No friendship is fallout-free and there are plenty of lessons to be learned from these heartbreaking experiences. We have all been there. It’s never straightforward. Our friendships with women are important and complex; they’re something we invest time in and work hard to maintain. They require nurturing, which begins with having a friendship-focused mindset and intentions which extend to our daily priorities, choices, and interactions. The success or failure of friendships depends on our level of mindfulness.

I have been blessed with the outpouring of loving, mindful friendships; their expressions of generosity showing up in innumerable ways really defy description. Flying from all over the country to be with me when I was on chemo (and after), gifts and experiences that express significance in the times we have spent together, meaningful acts of kindness that goes beyond the imagination in thoughtfulness, creativity and generosity. The very act of just being with me – the gift of time and giving of themselves – nurturing, caring, understanding, honest, authentic, supportive, trusting and loving.

I read an article about the Mind-Body Connection; the relationship between stress and disease written by the head of psychiatry at Stanford. Here's an excerpt:

One of the best things that a man could do for his health is to be married to a woman, whereas for a woman, one of the best things for her health was to nurture her relationships with her girlfriends.

Women connect with each other differently and provide support systems that help each other to deal with stress and difficult life experiences.  Physically this quality “girlfriend time” helps us to create more serotonin, which helps combat depression and can create a general feeling of well being.

Spending time with a friend is just as important to our general health as jogging or working out.  Failure to create and maintain quality personal relationships with other humans is as dangerous to our physical health as smoking!

I have girlfriends who are brilliant at this, nurturing “girlfriend time” which has really been the bedrock of my life. Women Sisterhood! Whenever my life became unbearable, frightening, dreadful, it was the women who empowered me. What I learned is that we bond with each other in times of crisis. When we go through these big touchstone moments that are really important, pivotal, and transitional, it is critical to recognize how lucky are we to have girlfriends who allow us to be transparent and vulnerable, sharing our deepest confidences. Oh, and my canvas has been pretty ugly at times! Your steadfast support has empowered me to be the woman I am today.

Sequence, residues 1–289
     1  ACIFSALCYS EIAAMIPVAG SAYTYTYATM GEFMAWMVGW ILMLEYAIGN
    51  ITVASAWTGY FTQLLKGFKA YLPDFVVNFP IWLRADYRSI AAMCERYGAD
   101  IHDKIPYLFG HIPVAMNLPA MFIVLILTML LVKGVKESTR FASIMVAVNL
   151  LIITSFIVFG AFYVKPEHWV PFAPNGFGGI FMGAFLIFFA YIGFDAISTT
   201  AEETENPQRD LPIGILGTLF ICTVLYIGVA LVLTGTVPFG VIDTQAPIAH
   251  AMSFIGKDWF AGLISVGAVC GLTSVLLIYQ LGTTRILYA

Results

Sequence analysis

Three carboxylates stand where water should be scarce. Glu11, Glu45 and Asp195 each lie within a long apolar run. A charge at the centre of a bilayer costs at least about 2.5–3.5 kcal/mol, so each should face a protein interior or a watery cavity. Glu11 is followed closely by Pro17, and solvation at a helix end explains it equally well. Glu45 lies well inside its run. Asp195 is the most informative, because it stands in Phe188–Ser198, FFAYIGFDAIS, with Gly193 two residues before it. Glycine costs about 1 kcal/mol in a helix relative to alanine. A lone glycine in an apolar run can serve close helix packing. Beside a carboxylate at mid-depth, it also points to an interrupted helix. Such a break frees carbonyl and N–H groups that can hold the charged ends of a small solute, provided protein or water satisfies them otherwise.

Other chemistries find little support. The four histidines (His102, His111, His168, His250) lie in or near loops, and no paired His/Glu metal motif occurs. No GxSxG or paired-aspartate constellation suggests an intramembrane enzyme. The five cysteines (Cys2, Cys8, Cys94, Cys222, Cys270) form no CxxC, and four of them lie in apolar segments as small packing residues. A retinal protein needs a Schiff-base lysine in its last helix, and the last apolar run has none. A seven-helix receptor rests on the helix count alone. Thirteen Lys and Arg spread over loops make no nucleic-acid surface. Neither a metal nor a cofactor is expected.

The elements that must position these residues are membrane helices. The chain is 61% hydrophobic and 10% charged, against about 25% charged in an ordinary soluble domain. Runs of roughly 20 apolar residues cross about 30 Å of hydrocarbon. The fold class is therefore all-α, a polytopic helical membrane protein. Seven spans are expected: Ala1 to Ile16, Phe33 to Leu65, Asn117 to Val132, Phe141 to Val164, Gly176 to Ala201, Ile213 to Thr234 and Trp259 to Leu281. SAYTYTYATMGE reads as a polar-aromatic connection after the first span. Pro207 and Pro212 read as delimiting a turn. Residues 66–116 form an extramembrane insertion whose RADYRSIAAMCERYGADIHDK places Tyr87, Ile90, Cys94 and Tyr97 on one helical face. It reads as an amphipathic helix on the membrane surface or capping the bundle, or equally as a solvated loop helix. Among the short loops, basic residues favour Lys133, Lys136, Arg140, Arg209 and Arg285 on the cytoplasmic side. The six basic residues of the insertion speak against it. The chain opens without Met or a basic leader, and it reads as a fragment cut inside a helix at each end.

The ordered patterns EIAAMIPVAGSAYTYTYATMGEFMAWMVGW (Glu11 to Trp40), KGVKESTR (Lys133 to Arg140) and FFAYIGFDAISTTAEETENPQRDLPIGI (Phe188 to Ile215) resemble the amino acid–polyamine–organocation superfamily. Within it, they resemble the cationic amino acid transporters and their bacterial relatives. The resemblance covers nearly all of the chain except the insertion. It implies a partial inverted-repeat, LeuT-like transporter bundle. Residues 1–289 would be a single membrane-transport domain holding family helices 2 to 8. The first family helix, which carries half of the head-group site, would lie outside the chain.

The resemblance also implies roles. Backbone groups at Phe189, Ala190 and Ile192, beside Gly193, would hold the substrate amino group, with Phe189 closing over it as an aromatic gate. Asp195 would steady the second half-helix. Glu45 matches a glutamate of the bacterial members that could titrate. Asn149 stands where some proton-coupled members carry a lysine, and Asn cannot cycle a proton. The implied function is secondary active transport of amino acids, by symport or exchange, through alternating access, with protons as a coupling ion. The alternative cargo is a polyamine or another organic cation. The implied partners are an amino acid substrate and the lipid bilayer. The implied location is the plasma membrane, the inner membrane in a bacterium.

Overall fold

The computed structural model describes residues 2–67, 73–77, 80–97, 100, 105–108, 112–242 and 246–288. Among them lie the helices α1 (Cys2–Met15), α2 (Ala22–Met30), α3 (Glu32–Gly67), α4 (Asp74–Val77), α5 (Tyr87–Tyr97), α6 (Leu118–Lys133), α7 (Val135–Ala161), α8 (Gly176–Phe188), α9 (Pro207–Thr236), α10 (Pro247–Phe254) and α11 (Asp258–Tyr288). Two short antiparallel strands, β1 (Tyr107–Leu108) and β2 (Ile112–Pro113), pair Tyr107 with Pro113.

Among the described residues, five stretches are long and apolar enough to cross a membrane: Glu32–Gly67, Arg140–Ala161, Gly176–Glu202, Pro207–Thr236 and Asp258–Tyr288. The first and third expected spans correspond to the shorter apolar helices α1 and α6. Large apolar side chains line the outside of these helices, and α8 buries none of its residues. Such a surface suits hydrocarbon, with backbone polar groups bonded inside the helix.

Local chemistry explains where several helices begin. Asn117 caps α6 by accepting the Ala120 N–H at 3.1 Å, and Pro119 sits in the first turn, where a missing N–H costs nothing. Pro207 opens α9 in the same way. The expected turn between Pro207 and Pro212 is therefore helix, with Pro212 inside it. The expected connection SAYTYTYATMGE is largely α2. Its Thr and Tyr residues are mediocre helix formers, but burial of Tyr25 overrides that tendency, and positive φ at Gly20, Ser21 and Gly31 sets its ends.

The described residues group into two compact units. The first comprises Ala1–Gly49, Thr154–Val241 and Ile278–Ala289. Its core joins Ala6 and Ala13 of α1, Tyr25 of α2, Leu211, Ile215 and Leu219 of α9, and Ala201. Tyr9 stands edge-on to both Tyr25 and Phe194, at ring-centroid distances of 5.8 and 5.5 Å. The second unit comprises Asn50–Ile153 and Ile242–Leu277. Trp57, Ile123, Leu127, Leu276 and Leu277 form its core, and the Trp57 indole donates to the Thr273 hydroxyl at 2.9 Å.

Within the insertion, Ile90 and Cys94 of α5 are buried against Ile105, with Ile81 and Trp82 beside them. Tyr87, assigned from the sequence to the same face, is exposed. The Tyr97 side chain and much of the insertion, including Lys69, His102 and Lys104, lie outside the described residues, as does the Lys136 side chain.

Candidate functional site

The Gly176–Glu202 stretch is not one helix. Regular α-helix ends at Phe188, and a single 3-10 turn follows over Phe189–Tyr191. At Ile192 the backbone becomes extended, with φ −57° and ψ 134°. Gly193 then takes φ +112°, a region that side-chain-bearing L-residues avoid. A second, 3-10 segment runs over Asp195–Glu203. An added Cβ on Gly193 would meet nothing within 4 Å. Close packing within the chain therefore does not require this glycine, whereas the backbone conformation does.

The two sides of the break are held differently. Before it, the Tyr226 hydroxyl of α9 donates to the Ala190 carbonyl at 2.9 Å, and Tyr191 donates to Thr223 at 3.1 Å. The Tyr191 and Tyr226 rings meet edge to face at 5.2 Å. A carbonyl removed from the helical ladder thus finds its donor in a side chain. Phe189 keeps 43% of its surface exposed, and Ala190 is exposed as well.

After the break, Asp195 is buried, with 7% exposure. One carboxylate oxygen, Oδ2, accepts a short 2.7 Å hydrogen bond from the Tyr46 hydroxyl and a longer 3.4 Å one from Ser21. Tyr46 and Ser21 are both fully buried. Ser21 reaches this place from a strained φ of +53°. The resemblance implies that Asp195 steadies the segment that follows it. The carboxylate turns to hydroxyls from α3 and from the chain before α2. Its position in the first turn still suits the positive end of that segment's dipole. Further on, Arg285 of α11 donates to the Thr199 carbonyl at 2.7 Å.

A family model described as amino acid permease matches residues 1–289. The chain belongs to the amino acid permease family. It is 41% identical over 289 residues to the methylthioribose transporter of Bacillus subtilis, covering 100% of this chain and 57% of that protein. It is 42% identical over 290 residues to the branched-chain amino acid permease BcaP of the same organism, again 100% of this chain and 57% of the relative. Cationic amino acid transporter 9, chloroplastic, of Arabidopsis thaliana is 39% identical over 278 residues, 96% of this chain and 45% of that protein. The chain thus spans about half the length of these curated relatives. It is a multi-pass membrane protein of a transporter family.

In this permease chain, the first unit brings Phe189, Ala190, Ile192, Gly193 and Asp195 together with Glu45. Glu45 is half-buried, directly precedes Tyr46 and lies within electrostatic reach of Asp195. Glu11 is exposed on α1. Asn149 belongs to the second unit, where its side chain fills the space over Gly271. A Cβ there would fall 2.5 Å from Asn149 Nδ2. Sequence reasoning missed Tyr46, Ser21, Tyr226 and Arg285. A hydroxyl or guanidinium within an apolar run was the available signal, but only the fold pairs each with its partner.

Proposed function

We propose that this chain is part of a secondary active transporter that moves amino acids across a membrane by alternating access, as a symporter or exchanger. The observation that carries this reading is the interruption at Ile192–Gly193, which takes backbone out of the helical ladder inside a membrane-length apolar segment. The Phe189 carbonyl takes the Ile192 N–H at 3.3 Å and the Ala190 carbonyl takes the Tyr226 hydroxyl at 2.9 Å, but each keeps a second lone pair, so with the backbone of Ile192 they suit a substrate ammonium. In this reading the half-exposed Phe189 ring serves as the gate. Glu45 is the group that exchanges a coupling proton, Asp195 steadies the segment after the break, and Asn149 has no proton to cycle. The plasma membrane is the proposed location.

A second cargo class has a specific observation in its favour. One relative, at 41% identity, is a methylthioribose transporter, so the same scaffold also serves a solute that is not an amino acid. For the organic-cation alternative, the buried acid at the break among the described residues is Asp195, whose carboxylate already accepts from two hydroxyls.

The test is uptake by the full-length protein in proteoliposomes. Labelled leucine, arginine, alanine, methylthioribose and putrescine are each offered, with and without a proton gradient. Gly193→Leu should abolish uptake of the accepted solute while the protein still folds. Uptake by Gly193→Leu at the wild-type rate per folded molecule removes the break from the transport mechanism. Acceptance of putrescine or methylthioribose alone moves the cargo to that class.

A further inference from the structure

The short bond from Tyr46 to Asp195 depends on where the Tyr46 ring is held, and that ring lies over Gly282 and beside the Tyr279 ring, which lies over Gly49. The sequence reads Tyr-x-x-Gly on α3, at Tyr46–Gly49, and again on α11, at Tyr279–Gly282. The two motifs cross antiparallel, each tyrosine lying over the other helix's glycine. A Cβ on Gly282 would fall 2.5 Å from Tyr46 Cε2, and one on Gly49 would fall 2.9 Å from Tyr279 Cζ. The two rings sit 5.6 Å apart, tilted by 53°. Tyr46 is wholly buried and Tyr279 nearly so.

And let’s not forget the fun factor! I received the book “Why Limit Happy to an Hour?” and that has definitely been our prescription at times! I believe this expression is so true -  “Good friends are the rare jewels of life; difficult to find and impossible to replace.” Times filled with gales of laughter, heart stopping encounters, zaniness, goofy, silly, outrageous and hilarious experiences that elevated us to the stage of believing we were clever, entertaining, silly and smart and well, maybe we were not! These unabashed moments are priceless for me. Loving friendships will nourish and enrich your life as you age. They're worth taking seriously.

The thing with friends when you get older — I mean this is not anything I haven’t written about — is they can’t be replaced. 
— Nora Ephron

To my girlfriends, I hope you know that you can’t be replaced. Your friendship has filled me up with observations, flavors and memories that make every day worth living. The length of time we have known each other does not qualify the love and appreciation I have for you. Enormous affection, dizzying heights of fun and laughter, smart, thoughtful, and thought provoking discussions bind us. Our shared experiences, magical moments that can never be again, and yet new adventures to look forward to, warm my heart with great anticipation of the exquisite adventures ahead!

The only way to have a friend is to be one.
— Ralph Waldo Emerson